Most readers would already be aware that GrainCorp’s (ASX:GNC) stock increased significantly by 15% over the past month. Given the company’s impressive performance, we decided to study its financial indicators more closely as a company’s financial health over the long-term usually dictates market outcomes. In this article, we decided to focus on GrainCorp’s ROE.
ROE or return on equity is a useful tool to assess how effectively a company can generate returns on the investment it received from its shareholders. In short, ROE shows the profit each dollar generates with respect to its shareholder investments.
See our latest analysis for GrainCorp
How Is ROE Calculated?
Return on equity can be calculated by using the formula:
Return on Equity = Net Profit (from continuing operations) ÷ Shareholders’ Equity
So, based on the above formula, the ROE for GrainCorp is:
16% = AU$250m ÷ AU$1.6b (Based on the trailing twelve months to September 2023).
The ‘return’ is the profit over the last twelve months. One way to conceptualize this is that for each A$1 of shareholders’ capital it has, the company made A$0.16 in profit.
What Is The Relationship Between ROE And Earnings Growth?
We have already established that ROE serves as an efficient profit-generating gauge for a company’s future earnings. Depending on how much of these profits the company reinvests or “retains”, and how effectively it does so, we are then able to assess a company’s earnings growth potential. Generally speaking, other things being equal, firms with a high return on equity and profit retention, have a higher growth rate than firms that don’t share these attributes.
GrainCorp’s Earnings Growth And 16% ROE
To begin with, GrainCorp seems to have a respectable ROE. Even so, when compared with the average industry ROE of 24%, we aren’t very excited. That being the case, the significant five-year 56% net income growth reported by GrainCorp comes as a pleasant surprise. We reckon that there could be other factors at play here. Such as – high earnings retention or an efficient management in place. Bear in mind, the company does have a respectable ROE. It is just that the industry ROE is higher. So this certainly also provides some context to the high earnings growth seen by the company.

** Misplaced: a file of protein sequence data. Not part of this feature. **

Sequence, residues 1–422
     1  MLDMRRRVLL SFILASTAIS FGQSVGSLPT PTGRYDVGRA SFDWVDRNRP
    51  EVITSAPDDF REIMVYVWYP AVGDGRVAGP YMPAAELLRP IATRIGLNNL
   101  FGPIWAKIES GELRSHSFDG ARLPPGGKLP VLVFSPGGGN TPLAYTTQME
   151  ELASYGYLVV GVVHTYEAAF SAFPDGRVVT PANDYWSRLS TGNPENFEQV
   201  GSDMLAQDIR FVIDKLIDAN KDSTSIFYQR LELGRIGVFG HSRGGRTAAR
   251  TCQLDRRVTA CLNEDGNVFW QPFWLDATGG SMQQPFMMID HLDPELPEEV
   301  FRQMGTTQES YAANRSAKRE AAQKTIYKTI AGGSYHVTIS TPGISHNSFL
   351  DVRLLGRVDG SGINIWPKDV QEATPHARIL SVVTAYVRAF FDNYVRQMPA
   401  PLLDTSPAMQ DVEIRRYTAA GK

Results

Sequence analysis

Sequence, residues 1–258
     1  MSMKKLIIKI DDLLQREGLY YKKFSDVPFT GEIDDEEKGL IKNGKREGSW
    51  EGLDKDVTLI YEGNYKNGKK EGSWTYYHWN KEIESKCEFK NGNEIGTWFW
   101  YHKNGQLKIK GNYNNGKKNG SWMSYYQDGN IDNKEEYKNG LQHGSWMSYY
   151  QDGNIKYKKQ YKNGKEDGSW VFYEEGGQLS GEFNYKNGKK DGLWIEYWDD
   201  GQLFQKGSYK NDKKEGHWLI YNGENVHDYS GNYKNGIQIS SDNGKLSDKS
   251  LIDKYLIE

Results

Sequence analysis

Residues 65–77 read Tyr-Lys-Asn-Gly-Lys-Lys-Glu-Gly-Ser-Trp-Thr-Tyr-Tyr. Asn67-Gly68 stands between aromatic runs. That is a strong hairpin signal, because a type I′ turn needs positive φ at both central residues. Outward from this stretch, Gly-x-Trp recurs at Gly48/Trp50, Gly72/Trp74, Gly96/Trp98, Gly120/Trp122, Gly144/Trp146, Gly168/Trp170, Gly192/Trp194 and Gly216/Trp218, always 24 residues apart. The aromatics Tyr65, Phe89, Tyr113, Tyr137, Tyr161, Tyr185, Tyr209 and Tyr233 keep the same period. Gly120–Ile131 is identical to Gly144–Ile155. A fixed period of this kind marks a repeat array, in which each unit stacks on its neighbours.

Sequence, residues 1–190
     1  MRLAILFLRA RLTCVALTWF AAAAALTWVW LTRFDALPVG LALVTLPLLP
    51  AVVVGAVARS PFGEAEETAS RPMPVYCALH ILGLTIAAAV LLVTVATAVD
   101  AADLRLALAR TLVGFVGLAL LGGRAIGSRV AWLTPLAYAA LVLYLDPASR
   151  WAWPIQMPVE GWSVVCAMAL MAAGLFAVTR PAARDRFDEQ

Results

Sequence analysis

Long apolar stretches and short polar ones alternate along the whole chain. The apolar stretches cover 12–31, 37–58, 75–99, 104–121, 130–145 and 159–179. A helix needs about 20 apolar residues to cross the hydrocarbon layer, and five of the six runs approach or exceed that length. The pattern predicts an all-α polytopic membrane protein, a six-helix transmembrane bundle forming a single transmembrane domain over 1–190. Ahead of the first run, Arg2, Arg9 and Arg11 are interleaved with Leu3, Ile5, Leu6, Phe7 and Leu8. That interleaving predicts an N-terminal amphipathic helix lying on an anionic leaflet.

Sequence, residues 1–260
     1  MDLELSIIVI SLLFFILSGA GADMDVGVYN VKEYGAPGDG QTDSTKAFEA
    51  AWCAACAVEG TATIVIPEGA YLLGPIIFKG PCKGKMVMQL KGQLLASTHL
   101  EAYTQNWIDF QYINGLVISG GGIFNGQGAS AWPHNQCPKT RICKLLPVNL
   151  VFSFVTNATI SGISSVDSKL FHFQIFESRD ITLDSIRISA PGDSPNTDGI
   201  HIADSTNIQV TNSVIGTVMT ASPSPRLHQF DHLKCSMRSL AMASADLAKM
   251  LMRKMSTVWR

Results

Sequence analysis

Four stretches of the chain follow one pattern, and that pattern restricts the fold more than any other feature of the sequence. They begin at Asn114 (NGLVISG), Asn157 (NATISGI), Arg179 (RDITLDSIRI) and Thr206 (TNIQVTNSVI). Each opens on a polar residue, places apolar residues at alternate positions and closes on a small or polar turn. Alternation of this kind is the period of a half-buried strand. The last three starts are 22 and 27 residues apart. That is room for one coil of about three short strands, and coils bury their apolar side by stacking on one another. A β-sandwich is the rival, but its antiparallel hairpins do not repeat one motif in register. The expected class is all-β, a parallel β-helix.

We then compared GrainCorp’s net income growth with the industry and we’re pleased to see that the company’s growth figure is higher when compared with the industry which has a growth rate of 19% in the same 5-year period.
The basis for attaching value to a company is, to a great extent, tied to its earnings growth. What investors need to determine next is if the expected earnings growth, or the lack of it, is already built into the share price. This then helps them determine if the stock is placed for a bright or bleak future. What is GNC worth today? The intrinsic value infographic in our free research report helps visualize whether GNC is currently mispriced by the market.
Is GrainCorp Making Efficient Use Of Its Profits?
GrainCorp’s ‘ three-year median payout ratio is on the lower side at 20% implying that it is retaining a higher percentage (80%) of its profits. So it seems like the management is reinvesting profits heavily to grow its business and this reflects in its earnings growth number.
Moreover, GrainCorp is determined to keep sharing its profits with shareholders which we infer from its long history of paying a dividend for at least ten years. Upon studying the latest analysts’ consensus data, we found that the company’s future payout ratio is expected to rise to 56% over the next three years. Consequently, the higher expected payout ratio explains the decline in the company’s expected ROE (to 6.1%) over the same period.
On the whole, we feel that GrainCorp’s performance has been quite good. In particular, it’s great to see that the company has seen significant growth in its earnings backed by a respectable ROE and a high reinvestment rate. Having said that, on studying current analyst estimates, we were concerned to see that while the company has grown its earnings in the past, analysts expect its earnings to shrink in the future. To know more about the company’s future earnings growth forecasts take a look at this free report on analyst forecasts for the company to find out more.
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This article by Simply Wall St is general in nature. We provide commentary based on historical data and analyst forecasts only using an unbiased methodology and our articles are not intended to be financial advice. It does not constitute a recommendation to buy or sell any stock, and does not take account of your objectives, or your financial situation. We aim to bring you long-term focused analysis driven by fundamental data. Note that our analysis may not factor in the latest price-sensitive company announcements or qualitative material. Simply Wall St has no position in any stocks mentioned.